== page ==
People who know me well realize I have been a major league baseball fan of the team in St. Louis almost since I was born an hour away in southern Illinois. Frankly, it was expected of every family member shortly after his or her birth.
I start every spring hoping the team of my youth, my middle adulthood and middle age will be successful, perhaps even win a World Series. As a Missouri resident, I have an American League favorite team I always hope will have success — the Royals of Kansas City. As I write, they are still alive in the World Series, and I still hope they will overcome a 3-2 deficit with the San Francisco Giants and win the Series.
Not very deep into the current season, Cardinals’ management elevated a young sure-bet star named Oscar Taveras from its Triple A team. Taveras, an outfielder from the Dominican Republic, was best known for his hitting prowess.
While his defense and baseball savvy understandably needed to mature, the announcement of his rise to the big leagues generated a lot of excitement. The mother team was struggling to generate offense, and fans welcomed the talent — compared in the same breath as fellow Dominican and former Cardinal Albert Pujols — and the much-needed offensive spark he was likely to provide.
The youngster did not disappoint in his first Major League at-bat, whacking a home run. Baseball analysts began to predict great things for Taveras right out of the gate. By the time the Cardinals had been eliminated from this year’s playoffs, Taveras had appeared in more than 80 games, finishing with pretty average numbers at the plate. He was platooned in right field and sometimes entered a game as a pinch hitter. He was not an immediate star.
The 22-year-old ended the season not as a big-league star but still as one its “hopefuls,” a star in the making but one who still needed to turn the corner to catch up to his full potential on the big stage. He and management had carefully planned Taveras’ offseason, which included conditioning in the States and some winter baseball in the Dominican.
With his future in baseball still bright, he had the desire and motivation to maximize his ability.
I was shocked late Sunday to receive a text from Word & Way’s board of trustees chair Kevin Gibson. “Oscar Taveras died in a car accident today,” he texted. I responded briefly and quickly turned on the TV and tuned in to ESPN. The crawler on the bottom of the screen noted the breaking news that confirmed Kevin’s message. The St. Louis Cardinal rookie and his girlfriend had both perished in an accident down in the Dominican Republic while they were en route to his hometown. No further details were available.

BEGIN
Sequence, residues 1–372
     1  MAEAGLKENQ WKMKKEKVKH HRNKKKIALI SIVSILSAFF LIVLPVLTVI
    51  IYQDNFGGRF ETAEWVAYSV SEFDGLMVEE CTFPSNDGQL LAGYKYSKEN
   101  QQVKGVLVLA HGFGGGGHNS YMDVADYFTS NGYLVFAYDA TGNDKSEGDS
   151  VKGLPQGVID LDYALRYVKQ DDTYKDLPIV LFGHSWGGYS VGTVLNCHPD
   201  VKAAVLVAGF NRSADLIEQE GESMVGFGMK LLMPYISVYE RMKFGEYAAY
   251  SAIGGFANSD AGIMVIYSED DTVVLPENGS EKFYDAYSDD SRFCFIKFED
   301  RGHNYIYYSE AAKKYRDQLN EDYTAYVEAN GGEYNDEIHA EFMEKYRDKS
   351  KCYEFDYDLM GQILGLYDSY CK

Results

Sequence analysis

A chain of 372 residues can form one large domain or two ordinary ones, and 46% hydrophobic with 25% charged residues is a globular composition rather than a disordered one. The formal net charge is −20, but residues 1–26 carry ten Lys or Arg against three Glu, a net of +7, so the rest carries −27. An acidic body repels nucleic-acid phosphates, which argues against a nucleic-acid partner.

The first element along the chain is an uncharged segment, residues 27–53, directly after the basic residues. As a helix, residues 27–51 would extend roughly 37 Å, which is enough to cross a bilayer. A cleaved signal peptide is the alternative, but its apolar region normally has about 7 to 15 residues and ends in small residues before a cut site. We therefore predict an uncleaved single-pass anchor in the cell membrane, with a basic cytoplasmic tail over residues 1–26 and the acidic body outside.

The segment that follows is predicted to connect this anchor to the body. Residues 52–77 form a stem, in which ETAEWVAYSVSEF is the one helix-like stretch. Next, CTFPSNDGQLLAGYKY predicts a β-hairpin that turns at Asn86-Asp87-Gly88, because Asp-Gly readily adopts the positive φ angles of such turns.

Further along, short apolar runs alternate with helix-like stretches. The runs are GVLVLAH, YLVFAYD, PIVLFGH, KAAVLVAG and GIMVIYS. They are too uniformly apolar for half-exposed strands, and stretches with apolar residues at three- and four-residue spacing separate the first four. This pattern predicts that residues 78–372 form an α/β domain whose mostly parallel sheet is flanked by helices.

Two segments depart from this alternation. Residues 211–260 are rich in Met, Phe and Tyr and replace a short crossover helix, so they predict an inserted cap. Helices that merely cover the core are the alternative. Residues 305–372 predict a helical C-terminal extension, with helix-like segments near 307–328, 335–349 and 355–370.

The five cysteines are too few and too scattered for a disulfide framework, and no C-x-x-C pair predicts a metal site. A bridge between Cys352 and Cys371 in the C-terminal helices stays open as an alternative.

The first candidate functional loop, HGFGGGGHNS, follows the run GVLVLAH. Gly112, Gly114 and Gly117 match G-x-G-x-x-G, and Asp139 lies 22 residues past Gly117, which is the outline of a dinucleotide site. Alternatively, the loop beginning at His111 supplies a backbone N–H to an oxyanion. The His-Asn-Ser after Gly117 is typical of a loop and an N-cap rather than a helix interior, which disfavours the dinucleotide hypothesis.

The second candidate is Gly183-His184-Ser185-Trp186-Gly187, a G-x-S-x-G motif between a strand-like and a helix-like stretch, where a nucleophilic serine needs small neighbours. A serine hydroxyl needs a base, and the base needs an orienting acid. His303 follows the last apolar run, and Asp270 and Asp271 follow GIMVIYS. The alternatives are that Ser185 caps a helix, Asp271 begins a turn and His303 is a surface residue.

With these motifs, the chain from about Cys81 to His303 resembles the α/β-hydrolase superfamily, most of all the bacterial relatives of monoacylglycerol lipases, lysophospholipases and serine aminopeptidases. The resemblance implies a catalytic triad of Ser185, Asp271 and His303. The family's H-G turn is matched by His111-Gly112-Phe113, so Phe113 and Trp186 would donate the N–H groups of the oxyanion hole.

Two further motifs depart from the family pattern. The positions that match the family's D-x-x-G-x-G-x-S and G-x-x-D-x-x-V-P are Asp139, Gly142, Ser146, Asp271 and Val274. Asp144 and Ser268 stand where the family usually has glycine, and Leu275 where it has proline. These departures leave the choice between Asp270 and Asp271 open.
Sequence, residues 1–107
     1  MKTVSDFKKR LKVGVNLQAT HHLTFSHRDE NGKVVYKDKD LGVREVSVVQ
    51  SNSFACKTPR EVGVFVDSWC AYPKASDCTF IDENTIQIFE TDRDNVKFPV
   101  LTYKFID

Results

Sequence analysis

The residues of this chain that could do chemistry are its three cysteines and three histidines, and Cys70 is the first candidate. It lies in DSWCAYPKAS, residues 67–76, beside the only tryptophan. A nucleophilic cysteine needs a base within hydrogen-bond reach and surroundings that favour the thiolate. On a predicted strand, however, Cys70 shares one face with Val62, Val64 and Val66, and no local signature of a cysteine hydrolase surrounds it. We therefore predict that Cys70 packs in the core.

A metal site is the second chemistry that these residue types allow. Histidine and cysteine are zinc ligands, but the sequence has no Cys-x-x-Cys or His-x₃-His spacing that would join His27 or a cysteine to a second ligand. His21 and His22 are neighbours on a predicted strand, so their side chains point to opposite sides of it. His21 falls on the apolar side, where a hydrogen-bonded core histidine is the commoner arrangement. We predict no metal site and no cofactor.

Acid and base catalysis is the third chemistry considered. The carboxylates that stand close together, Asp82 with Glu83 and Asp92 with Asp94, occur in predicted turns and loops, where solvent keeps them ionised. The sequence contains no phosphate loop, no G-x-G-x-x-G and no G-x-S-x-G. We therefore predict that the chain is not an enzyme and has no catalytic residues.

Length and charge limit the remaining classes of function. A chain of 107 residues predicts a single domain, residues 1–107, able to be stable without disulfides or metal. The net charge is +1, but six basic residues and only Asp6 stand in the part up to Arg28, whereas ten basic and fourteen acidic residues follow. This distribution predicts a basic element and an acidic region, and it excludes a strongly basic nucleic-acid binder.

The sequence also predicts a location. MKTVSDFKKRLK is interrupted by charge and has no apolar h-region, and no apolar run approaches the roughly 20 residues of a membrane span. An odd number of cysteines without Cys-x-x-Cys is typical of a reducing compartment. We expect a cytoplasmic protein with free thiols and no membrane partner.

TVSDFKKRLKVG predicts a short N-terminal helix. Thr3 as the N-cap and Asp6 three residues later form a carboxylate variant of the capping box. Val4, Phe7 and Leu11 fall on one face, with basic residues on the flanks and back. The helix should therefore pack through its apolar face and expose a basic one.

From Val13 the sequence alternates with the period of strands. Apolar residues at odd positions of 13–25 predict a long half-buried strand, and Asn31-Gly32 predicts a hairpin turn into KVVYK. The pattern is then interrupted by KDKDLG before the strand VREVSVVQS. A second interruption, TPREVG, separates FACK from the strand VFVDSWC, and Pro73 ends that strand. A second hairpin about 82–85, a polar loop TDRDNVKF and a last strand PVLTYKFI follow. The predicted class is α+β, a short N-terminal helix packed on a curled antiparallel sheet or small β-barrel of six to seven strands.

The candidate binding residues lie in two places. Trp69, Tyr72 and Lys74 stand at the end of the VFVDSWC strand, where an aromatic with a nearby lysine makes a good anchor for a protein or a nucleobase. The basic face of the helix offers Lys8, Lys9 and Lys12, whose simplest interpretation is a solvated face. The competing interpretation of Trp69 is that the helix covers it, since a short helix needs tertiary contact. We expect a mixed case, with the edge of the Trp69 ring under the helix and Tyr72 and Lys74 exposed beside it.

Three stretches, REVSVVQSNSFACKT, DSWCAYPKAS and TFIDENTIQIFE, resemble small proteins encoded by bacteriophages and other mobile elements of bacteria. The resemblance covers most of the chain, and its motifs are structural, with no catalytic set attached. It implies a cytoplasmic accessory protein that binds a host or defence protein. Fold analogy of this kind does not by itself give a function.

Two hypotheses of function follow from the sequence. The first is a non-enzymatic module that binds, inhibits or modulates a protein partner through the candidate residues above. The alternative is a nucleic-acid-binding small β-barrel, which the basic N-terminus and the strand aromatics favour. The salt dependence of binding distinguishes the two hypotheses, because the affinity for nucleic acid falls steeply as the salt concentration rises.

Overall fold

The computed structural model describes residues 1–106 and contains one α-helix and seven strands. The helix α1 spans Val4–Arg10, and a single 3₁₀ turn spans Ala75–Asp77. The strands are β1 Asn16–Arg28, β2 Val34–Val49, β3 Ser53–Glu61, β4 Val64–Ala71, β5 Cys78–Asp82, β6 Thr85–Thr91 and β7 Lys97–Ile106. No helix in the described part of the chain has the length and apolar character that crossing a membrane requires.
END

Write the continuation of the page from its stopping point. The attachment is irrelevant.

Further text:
Later reports have indicated the island nation had been experiencing a lot of rainfall. Some wondered if the weather had played a part in the crash.
The Dominican Republic has produced its share of professional baseball players. Talented youngsters saw this as the best route out of impoverished backgrounds in their country. Not only individual but family hopes rested on success. This was likely true of the young talent named Oscar Taveras.
As a fan of Taveras’ team and of Taveras, I am saddened by this player’s untimely death and departure. We can only imagine what he might have achieved had he lived to complete his baseball career. This is not the first time we have seen a young person of promise leave this earth with many of his dreams yet to be realized. Oscar Taveras will not be the last.
Actually, none of us has assurance that she or he will live for another year, or for another 10 minutes. This is the nature of life and death. We may have the best genes and family health history. A person may appear to be “as fit as a fiddle,” as the saying goes. We may have experienced great success in our lives. But no one is immune from what we refer to as an “untimely death” due to health issues or something like an auto accident.
Most of us have seen a glimpse of Oscar Taveras in his baseball pursuits but neither I nor most people know much about him otherwise. He did seem in full pursuit of his dream as a baseball player. By all accounts, he gave everything he had to this pursuit. His manager, Mike Matheny, has frequently suggested Taveras proved himself to be a coachable young player in hopes of maximizing his great potential.
In the highly competitive world of professional athletics, Taveras didn’t act as though he already had it made. He recognized he needed to further develop his skills and his baseball knowledge. That is what he did, and what he planned to continue doing.
We all can learn that lesson, at least, from this young man. We anticipate we will have a future on this earth, perhaps even a long one. But we don’t know. Obviously, we have no guarantees from breath to breath.
Believers realize the present moment is the only guarantee they have. As such, none of us can afford to waste moments and their potential for good. None of us is ever guaranteed a second chance to make up for a missed opportunity.
Bill Webb is editor of Word & Way.